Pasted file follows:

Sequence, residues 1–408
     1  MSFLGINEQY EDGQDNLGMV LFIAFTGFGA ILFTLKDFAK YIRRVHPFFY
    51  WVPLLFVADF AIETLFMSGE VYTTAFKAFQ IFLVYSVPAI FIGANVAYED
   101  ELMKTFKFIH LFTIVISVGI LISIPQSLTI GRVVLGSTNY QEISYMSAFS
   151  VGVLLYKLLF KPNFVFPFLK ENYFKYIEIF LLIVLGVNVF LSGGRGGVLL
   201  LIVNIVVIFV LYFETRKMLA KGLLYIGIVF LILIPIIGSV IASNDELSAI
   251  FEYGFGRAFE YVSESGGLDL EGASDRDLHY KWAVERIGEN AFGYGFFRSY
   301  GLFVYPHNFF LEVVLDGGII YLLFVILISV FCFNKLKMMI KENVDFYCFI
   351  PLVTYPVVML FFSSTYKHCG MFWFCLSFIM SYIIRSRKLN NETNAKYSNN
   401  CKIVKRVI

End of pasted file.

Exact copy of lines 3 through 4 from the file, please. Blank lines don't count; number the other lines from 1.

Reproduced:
    51  WVPLLFVADF AIETLFMSGE VYTTAFKAFQ IFLVYSVPAI FIGANVAYED
   101  ELMKTFKFIH LFTIVISVGI LISIPQSLTI GRVVLGSTNY QEISYMSAFS